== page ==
Nationalise the lot?

Well then, the private sector triumphs again eh?

National Express, the same people that have a near monopoly on buses in the West Midlands, have pulled out of running the East Coast Main Line, as they’re not prying enough money from passengers, and the passengers aren’t happy either. Ticket prices are high, the service is poor.

So then: a question. Do you favour privatisation? Does the private sector improve efficiency, or merely ensure someone gets very rich? Can the public sector manage things effectively? Should the following be publicly or privately owned?

* Healthcare

* Roads

* Public Transport

* Energy supply

* Anything else?

I’ll go on record: I think the private sector just creams off the profits and runs away when things get hard, and I think all of the above should be in public ownership with profits ploughed back in to keeping costs down and service good where the service has a potential to make profit. I think public transport should be run as an essential service, not as a way to make money. Maybe that’s a bit utopian.

Discuss.

10 Responses to “Nationalise the lot?”

  1. Countrie Bumpkin Says:

    Nothing to discuss! All of the above should be in a manifesto! We could save a vast fortune of tax if we took all of that back into public ownership.

    Don’t forget one of lifes basics though – water!

  2. BrownhillsBob Says:

    Works for me. One great loss during any privatisation is cohesiveness: train services that were formally linked now have no connection and no compulsion to co-operate, rendering the traffic management of places like New Street impossible. No more pool drivers, and so on.

    The same goes for power generation – now stations are owned by different entities there’s little co-operation during a crisis.

    All this and we have to pay all the shitty middlemen to make a profit, too.

    Bob

  3. Lee HW Says:

    it is not just a debate about private ownerhsip or public ownership, but opertaing models. private owner ship tends to offer more effecient operations, as someone is try to cream of the top. Public ownership delivers (typically) better service, as it is about te customer, not the CEO/shareholders pockets.

    If you can balance effeceient operation effeciency, with capped profits and garenteed re-investment plans, you may have a winning soluiton, but no-one would sign up or invest. so public ownership may be the only way to deliver real customer focused products and services

  4. Stu Says:

    Bloody socialist!

    Oh, and I agree for the record.

  5. stymaster Says:

    @Bob:Regarding the cohesive services: how about buses? If you buy a National Express WM travelcard or ticket, it cannot be used on other buses, and some routes run mixed operators. You could buy a more expensive Centro pass of course, but half the time the bus drivers don’t know hat it is you want to buy. You also get the operators all competing for the profitable routes (with a Bus War ensuing, and crap service at the less profitable times.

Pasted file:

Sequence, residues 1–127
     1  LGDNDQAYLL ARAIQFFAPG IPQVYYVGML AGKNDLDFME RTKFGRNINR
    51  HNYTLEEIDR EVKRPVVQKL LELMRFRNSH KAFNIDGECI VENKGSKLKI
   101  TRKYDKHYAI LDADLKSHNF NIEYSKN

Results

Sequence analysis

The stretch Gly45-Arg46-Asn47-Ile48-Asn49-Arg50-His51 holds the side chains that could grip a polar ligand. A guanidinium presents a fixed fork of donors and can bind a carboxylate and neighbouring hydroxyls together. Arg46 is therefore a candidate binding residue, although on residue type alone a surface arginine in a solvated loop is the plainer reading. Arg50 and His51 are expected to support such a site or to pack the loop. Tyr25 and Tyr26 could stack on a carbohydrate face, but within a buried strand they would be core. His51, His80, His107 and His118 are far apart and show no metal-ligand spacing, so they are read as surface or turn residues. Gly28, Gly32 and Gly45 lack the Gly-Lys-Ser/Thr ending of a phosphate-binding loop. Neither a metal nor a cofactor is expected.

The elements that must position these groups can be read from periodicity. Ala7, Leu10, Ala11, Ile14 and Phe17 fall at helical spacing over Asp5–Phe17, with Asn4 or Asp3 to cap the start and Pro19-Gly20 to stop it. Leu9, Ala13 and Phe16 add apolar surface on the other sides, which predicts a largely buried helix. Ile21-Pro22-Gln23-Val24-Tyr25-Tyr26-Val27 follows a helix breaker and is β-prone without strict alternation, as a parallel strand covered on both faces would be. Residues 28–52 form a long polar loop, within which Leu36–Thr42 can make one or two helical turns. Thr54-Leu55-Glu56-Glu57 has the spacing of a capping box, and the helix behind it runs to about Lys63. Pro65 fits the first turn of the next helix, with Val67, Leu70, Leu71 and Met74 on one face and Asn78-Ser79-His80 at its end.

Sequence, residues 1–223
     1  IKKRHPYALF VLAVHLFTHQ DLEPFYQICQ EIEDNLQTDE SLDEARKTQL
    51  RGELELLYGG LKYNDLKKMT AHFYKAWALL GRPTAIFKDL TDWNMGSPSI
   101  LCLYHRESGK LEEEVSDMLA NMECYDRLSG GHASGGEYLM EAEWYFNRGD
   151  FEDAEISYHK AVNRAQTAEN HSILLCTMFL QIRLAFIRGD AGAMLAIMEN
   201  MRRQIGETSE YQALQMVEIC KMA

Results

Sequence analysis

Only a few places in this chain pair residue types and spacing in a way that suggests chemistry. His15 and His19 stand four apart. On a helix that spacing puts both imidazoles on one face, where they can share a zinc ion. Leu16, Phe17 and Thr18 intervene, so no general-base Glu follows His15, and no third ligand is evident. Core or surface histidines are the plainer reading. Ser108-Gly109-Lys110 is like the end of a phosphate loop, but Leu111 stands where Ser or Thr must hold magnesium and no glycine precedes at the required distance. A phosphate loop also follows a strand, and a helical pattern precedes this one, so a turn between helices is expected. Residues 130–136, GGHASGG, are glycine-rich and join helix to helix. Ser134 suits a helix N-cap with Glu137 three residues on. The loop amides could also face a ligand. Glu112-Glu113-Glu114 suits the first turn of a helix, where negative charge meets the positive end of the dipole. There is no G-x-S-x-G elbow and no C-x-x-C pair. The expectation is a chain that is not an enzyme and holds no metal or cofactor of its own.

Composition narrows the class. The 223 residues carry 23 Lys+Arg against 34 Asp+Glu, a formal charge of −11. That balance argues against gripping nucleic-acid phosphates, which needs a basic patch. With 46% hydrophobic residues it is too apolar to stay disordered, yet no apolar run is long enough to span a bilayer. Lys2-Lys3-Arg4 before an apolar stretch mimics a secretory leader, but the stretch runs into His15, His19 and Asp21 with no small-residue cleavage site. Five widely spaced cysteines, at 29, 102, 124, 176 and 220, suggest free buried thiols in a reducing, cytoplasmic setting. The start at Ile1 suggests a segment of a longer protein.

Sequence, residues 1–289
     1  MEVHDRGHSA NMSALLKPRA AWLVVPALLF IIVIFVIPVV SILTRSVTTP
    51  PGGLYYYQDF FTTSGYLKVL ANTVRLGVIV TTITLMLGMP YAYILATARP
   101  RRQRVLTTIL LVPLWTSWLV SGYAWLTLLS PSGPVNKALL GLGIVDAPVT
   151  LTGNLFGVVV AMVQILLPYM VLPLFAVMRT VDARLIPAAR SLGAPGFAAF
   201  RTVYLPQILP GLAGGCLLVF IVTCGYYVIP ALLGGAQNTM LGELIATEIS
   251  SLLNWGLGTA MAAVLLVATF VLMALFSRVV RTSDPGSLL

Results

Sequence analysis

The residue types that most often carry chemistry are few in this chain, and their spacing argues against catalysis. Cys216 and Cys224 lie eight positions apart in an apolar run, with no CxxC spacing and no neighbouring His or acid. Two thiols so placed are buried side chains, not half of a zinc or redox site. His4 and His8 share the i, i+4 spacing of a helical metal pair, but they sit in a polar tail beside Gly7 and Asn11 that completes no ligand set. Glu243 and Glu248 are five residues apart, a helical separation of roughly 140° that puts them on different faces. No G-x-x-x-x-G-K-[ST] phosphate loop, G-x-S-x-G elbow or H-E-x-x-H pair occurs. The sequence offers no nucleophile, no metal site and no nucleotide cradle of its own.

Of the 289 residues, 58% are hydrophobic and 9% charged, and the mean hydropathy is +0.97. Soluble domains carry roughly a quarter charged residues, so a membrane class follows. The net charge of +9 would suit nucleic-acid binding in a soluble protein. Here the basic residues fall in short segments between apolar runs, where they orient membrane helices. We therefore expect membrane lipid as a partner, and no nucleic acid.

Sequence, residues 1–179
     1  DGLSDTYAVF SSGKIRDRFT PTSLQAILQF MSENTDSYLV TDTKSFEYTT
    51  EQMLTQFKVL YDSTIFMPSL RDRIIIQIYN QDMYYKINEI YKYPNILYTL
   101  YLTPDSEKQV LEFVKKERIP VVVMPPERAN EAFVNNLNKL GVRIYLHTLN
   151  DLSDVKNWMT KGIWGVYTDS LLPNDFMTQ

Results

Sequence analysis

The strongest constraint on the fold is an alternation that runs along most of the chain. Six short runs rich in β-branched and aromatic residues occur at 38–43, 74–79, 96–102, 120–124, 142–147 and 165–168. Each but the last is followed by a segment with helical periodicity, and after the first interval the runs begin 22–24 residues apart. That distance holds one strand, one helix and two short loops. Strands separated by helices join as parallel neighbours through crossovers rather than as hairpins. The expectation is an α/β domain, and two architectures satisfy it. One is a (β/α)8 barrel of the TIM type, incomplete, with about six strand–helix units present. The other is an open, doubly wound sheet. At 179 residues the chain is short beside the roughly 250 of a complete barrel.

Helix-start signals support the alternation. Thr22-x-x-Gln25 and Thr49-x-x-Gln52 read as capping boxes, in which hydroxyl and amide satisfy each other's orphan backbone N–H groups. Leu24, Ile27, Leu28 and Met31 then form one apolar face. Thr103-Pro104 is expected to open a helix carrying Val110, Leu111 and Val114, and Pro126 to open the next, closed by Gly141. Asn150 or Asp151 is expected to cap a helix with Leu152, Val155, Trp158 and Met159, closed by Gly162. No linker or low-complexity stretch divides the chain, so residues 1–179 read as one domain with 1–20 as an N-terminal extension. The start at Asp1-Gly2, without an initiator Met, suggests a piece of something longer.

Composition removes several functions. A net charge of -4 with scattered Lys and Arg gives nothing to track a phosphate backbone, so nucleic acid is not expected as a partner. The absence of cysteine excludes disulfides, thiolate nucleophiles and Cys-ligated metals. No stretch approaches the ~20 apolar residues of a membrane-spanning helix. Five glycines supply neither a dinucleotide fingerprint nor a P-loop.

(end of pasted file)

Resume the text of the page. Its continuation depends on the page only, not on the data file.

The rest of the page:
@Stu: Right on, comrade.

    @Andy: Yes, I forgot water.

    @Lee: There’s the problem.

  6. BrownhillsBob Says:

    Buses: excellent example. I really feel sorry for the poor buggers who buy TWM passes for a 2 bus route, to find at some point one bus service is dropped by TWM and picked up by another operator, thus necessitating a more expensive pass.

    I have personal experience of how mental privatisation can make otherwise sensible enterprises.

    Grrr.

    Bob

  7. dinkey Says:

    To add to your list stymaster, yes, don’t privatise the police or military, although even parts of these are happening by stealth.

    What really pisses me off about this was the way in which National Express have been able to just walk away from this deal and land the tax payer with the bill without any apparent penalties. I understand they are to retain the two other ‘profitable’ rail franchises they also run.

    And how the CEO has also gone to take up a new job in the Arab emirates. These corporate execs only seem to stay in jobs for a couple of years, mess up, and then walk off to another highly paid job. They’ve got no staying power, no sense of commitment to the companies or service users and remain disconnected. But, to be fair, it seems the whole thing has been a mess since the government awarded the franchise.

    I just don’t understand how successive UK governments seem to think that privatised rail models can make profits when it seems every other county in the world subsidises theirs – as indeed we increasingly seem to be subsidising private companies to do here.

  8. stymaster Says:

    Couldn’t agree more.

    Sometimes, as I read the other day, it looks like Dilbert is a documentary.

  9. stymaster Says:

    @Bob: It’s not even if a route gets taken over.

    Just as an example, we got nicely caught out here by a multi-operator route and the fact that TWM decided to stop running a service as it wasn’t making enough.

  10. Countrie Bumpkin Says:

    All of this is the left over from the Thatcher years – private greed over a sense of community. Amazing that Labour hasn’t done anything about it in 12 years of power – but then they wouldn’t would they as they have been lining their own pockets! And we have the proof now!